Jonathan Fields: [00:54:34] Yeah, that makes so much sense to me as you’re describing that, um, having flashbacks to a product launch that we did like a number of years back, and this was probably the first of what has been many product launches over a period of years. And I remember going into it thinking to myself, we have we have stress test every system. We’ve gone through it. We’ve sent people through the process. We’ve and everything is locked down. Everything is ready to go. Like we’ve thought of everything that could go wrong and we’ve dialed it in, we’ve protected against it and we’re good. And then launch day comes and everything falls apart. And it’s devastating because we’re like, but we did everything. And like, these systems are supposed to be fail-proof. And next time around, then we go into and we say, huh, you know what? We’re going to do the same thing. We’re going to stress test, we’re going to build, we’re going to try and anticipate everything that can possibly go wrong. But we’re going to add one thing to the process, which is we’re going to assume that no matter how much we prepare, things are still going to go wrong. And our job is not going to be to expect everything to go right, but to expect a whole bunch of things to fail and simply to be ready to be agile and to respond to that in real-time. And that mindset shift was really powerful in our ability to actually say when things went wrong, which they always do, to be like, okay, we kind of saw this coming. We didn’t know what would go wrong, but we knew something would. And now it’s showing up. And now, because we’ve expected we’re going to have to be on our toes and agile, we’re ready for it. It’s still hard, but like you said, we expected the hard things to happen and that changed the way we experience it in a really dramatic way.


Brad Stulberg: [00:56:15] That’s right. It’s you know, if you’re running a marathon and you expect mile 20 to feel easy, well, then when you get to mile 20, you’re going to quit the race. You’ll probably call for a paramedic because you’ll think that something is going like just dramatically wrong. But if you have an accurate expectation, which is mile 20 of a marathon feels really hard, then when you get there, you’ll be level-headed about it. And on a good day, you might even be pleasantly surprised. And I think this is true for all hard things. I think we’re often sold this narrative that borders on like toxic positivity, like make the best of it and expect things to be great and positive thinking and affirmations. And there might be a time and a place for some of these tools, but the time and the place for those tools are not heading into mile 20 of a marathon or heading into disorder. I think there it’s important to be honest with ourselves. It’s a tough love thing to do. There’s another non-duality that I talk about in the book Tragic Optimism, this time coined by Viktor Frankl, that essentially says that like part of being a mature adult is to accept and recognize that things are really hard, sometimes even tragic, and then to maintain optimism and hope nonetheless. So it’s not nihilism and despair and everything’s hard all the time, so why even try? But it’s also not Pollyanna toxic positivity. Bury your head in the sand. Expect everything to be great is realizing that a lot about life does feel like mile 20 of a marathon, and we can be hopeful and optimistic, even with the expectation that things are going to be hard.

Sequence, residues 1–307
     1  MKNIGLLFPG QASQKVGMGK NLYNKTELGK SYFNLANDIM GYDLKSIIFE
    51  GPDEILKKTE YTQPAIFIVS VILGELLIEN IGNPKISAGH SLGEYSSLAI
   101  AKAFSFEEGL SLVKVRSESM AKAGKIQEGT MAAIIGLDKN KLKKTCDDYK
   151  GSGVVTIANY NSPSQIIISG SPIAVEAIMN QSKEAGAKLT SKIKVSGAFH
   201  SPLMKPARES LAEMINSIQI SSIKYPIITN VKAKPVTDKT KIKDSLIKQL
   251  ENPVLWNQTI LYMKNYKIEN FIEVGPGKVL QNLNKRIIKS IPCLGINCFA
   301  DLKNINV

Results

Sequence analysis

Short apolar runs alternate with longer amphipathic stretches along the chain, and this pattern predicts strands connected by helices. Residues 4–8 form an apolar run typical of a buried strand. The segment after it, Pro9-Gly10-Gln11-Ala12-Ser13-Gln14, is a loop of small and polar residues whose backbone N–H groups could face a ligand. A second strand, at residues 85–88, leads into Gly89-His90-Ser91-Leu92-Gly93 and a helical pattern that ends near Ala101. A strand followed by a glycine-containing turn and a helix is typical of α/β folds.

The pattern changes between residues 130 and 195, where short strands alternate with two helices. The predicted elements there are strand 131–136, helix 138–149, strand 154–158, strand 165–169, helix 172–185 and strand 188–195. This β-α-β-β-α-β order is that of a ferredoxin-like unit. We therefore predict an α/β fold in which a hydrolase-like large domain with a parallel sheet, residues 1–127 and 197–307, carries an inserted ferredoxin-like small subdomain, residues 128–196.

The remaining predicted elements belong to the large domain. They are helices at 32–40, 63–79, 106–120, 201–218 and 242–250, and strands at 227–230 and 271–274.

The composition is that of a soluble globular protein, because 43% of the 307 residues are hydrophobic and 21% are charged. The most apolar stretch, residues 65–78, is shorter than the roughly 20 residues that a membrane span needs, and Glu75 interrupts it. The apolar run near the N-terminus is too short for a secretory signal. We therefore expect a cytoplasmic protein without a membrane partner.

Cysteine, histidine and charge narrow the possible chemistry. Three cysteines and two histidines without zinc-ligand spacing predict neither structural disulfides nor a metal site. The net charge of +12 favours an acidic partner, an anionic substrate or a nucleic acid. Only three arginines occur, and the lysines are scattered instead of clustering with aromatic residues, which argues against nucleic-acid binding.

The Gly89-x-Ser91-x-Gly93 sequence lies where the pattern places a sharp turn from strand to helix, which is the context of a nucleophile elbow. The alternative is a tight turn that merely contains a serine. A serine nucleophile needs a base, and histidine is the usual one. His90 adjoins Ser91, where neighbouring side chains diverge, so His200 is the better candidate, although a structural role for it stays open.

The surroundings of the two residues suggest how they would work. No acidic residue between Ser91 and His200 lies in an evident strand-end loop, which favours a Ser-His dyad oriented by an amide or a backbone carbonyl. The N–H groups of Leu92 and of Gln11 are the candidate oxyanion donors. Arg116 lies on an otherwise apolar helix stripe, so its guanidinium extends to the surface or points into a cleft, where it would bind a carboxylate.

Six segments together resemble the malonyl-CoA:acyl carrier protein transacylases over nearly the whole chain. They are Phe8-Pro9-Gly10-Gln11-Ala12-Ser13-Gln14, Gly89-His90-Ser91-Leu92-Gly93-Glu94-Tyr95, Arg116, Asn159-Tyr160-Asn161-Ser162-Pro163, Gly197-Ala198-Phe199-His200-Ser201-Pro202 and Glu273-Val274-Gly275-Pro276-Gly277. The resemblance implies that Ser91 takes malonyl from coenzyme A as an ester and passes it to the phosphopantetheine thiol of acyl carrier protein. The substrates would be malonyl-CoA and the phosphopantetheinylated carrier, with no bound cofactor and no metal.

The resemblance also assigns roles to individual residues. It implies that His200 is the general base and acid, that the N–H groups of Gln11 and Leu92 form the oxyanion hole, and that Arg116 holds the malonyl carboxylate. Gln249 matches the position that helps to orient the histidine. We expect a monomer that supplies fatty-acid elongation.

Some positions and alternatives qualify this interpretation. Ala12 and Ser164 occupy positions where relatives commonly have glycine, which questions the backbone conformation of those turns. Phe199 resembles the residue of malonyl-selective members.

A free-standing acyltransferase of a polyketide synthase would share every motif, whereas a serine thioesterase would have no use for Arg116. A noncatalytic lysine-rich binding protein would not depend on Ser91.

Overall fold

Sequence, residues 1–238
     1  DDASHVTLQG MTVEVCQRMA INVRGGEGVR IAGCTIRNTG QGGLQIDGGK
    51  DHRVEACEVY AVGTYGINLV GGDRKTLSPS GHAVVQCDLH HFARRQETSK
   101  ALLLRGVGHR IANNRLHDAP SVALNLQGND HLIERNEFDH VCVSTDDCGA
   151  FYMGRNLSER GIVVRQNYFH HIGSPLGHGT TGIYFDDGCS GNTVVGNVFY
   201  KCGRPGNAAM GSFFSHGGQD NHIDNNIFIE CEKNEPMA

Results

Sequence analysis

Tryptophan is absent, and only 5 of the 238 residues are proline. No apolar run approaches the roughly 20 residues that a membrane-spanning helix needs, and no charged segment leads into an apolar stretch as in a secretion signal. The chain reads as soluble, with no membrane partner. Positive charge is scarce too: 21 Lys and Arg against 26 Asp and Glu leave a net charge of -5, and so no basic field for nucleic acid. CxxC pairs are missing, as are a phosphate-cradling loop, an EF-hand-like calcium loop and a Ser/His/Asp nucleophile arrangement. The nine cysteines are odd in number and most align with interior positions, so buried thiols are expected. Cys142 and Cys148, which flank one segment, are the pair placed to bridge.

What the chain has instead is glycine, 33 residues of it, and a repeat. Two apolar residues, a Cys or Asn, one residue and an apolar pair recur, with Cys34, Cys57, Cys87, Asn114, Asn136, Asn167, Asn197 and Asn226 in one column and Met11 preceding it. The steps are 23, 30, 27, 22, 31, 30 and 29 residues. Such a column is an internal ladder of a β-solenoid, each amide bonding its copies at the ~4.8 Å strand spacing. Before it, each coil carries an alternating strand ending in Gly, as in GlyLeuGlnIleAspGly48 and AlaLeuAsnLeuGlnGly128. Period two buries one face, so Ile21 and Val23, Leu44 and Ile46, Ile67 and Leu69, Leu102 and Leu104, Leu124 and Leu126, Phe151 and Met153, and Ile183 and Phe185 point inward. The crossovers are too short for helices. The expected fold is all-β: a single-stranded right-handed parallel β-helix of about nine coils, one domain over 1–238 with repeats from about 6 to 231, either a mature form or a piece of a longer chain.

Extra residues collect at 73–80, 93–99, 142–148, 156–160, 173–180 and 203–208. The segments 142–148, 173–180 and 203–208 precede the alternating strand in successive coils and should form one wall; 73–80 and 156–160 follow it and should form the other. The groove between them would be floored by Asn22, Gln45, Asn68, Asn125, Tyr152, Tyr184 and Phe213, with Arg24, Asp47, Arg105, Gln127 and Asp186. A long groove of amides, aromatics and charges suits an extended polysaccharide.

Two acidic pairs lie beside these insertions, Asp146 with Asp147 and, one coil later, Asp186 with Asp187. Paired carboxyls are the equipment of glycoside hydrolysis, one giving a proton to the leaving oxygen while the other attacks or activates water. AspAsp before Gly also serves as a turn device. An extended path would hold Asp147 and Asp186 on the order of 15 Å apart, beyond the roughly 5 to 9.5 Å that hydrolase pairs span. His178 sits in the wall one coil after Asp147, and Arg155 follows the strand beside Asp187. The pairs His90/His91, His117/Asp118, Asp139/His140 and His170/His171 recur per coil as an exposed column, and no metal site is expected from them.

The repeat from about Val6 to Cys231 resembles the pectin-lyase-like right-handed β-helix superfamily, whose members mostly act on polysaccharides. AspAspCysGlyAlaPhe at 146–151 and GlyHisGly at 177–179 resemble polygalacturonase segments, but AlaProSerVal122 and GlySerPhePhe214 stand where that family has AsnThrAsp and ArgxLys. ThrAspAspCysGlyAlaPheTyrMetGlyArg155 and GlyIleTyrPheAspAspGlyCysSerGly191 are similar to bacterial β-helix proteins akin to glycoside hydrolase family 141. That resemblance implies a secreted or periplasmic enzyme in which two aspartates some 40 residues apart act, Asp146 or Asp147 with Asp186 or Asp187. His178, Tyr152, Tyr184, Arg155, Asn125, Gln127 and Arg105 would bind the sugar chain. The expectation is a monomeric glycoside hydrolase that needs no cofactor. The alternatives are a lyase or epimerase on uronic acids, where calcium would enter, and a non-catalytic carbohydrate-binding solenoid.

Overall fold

Jonathan Fields: [00:57:44] Yeah, it reminds me of Gabriele Oettingen’s work also, where she looked at people who were striving for big goals and literally made this one change because so much of this sort of like pop culture mythology around goal achievement or striving or manifesting is think of only the thing as if like the outcome has happened and never allow a negative thought or an idea of a hardship or idea of it not happening to come into your mind. Because that. Will make it more likely to happen, and then it’s going to derail you. And what her research actually showed was that if you proactively anticipate the things that could potentially become obstacles in your journey, both internal, like your own self-talk to external circumstances as much as you can, and pre-plan if this happens like an if then sequence. If this happens, here’s how I will respond. You’re still not going to think of everything that might happen. It’s still going to be hard, but anticipating or trying to think about all the things that could go wrong and having plans around them, you are much more likely to actually achieve that outcome than not. And part of the reason was because you put yourself into that mindset where there was a certain expectation that things would come to you, that would go wrong, and you were still making a commitment to the fact that if they do, I’m still going to keep pushing forward. And it really shifted the nature of outcomes. I think that ties in so much to what you’re saying here, and it’s that, you know, the toxic positivity or the tragic of optimism. Yeah, I think culturally we want to be in that place where we always think everything is going to go right. But if we think, will that actually cause harm? It reframes our impulse to want to go there and say, well, like, maybe I need to just really reexamine the assumptions that I’m making here, because if I really want to get to this, this thing done or be this particular way, reality checks are probably going to help rather than hinder.